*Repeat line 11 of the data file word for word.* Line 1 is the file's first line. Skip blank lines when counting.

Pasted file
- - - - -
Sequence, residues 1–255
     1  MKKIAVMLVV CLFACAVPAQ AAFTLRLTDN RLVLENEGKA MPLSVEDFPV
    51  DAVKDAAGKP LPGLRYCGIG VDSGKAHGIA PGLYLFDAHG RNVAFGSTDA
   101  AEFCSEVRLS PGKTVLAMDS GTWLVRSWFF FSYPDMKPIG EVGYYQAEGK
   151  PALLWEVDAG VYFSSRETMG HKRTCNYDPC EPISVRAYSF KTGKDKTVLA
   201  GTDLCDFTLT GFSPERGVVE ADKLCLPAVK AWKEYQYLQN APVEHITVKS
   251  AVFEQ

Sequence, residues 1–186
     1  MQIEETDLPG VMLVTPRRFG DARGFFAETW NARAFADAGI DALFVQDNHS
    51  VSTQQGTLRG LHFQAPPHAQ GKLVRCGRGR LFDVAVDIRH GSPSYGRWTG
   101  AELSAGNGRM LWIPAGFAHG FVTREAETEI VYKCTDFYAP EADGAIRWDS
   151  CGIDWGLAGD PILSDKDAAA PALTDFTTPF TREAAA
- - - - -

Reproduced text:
   101  AELSAGNGRM LWIPAGFAHG FVTREAETEI VYKCTDFYAP EADGAIRWDS